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    #1

    when she had done ...

    Hi

    She counted sixty heartbeats; that would be about a minute. When she had done one such count for each finger, ten minutes would have elapsed.

    Does it mean:

    If she had done one such count for each finger, ten minutes would have elapsed.

    OR

    She had done such count for each finger and ten minutes elapsed.

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    #2

    Re: when she had done ...

    Quote Originally Posted by GUEST2008 View Post
    Hi

    She counted sixty heartbeats; that would be about a minute. When she had done one such count for each finger, ten minutes would have elapsed.

    Does it mean:

    If she had done one such count for each finger, ten minutes would have elapsed.

    OR

    She had done such count for each finger and ten minutes elapsed.
    Not a teacher

    To me it is almost like indirect speech for what would be:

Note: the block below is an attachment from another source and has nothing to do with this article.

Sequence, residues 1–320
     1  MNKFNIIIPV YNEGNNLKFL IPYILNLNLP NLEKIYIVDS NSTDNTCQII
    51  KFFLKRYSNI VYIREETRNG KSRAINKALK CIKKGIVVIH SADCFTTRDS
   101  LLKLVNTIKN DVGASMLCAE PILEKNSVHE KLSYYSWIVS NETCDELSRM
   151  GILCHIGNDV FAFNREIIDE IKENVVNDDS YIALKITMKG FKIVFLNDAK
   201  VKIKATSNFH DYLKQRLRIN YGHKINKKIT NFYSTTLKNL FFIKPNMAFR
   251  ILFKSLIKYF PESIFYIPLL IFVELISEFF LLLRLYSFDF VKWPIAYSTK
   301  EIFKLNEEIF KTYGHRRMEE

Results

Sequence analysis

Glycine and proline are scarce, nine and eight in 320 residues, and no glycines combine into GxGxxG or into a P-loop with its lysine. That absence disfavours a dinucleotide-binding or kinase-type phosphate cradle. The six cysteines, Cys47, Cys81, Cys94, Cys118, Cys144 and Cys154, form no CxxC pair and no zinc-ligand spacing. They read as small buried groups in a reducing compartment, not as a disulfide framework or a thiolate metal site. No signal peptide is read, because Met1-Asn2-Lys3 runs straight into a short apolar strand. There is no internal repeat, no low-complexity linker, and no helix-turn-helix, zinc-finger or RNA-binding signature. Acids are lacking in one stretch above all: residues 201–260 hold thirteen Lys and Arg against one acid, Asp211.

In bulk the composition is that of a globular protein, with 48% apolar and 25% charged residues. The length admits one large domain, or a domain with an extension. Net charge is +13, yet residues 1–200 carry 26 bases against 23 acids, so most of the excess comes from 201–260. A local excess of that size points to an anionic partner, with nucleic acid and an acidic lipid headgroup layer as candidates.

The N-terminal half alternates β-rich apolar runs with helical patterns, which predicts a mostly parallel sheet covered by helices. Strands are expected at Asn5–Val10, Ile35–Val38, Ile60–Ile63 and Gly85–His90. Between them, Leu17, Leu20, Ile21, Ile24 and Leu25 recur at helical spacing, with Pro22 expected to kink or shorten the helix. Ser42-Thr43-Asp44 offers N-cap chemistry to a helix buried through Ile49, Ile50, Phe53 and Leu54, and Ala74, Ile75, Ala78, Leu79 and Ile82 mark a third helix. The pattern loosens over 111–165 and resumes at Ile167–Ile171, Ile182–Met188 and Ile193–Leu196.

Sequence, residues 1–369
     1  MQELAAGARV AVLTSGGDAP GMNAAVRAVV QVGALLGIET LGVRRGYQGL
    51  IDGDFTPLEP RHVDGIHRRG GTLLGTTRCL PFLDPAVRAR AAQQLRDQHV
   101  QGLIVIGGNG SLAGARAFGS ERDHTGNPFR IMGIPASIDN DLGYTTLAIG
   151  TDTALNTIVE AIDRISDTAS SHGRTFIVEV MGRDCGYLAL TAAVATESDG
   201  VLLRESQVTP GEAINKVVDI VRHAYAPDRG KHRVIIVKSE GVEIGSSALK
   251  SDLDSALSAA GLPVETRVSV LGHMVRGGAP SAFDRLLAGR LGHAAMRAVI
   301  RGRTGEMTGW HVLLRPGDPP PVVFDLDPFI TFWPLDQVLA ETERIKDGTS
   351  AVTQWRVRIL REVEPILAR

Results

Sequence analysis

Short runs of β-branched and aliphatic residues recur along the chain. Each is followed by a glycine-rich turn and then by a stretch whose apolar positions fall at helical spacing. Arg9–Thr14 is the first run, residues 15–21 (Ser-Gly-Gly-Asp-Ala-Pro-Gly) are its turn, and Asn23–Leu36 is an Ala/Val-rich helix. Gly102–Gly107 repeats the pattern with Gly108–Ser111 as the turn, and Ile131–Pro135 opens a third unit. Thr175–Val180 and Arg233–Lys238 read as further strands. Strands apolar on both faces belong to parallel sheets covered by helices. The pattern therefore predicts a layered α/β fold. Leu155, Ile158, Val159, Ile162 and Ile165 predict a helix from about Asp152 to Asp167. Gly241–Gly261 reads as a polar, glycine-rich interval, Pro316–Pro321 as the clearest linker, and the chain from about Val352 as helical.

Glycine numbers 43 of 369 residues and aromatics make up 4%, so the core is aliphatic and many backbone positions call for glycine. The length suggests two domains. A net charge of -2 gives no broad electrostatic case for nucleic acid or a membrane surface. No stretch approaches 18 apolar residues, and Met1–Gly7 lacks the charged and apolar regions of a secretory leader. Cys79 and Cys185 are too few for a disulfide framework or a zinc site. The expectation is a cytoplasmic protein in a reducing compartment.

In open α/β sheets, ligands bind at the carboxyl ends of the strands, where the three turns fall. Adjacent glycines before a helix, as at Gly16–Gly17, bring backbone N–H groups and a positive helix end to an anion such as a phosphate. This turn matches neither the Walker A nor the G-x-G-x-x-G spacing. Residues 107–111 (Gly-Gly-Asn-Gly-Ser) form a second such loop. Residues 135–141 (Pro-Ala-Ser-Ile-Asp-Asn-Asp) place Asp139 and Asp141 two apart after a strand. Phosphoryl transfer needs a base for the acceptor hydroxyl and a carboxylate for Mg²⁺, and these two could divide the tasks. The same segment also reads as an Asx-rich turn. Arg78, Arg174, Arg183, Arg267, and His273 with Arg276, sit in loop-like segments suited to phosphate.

She counted sixty heartbeats; that would be about a minute. "When I have done one such count for each finger, ten minutes will have elapsed." She thought.

    Dying to hear a more learned opinion,

    M.

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    #3

    Re: when she had done ...

    So does this sentence express something that happened or is it just a supposition?

    She had already done the count for each finger or not?

  1. emsr2d2's Avatar
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    #4

    Re: when she had done ...

    Quote Originally Posted by GUEST2008 View Post
    So does this sentence express something that happened or is it just a supposition?

    She had already done the count for each finger or not?
    If it said "When she had done one such count for each finger, ten minutes had elapsed" then it would be clear that she had actually done it.

    However, the fact that it says "When she had done one such count for each finger, ten minutes would have elapsed" shows that this is simply a statement of what will/would happen should she choose to do the count once for each finger.

    In short, she has not done it.

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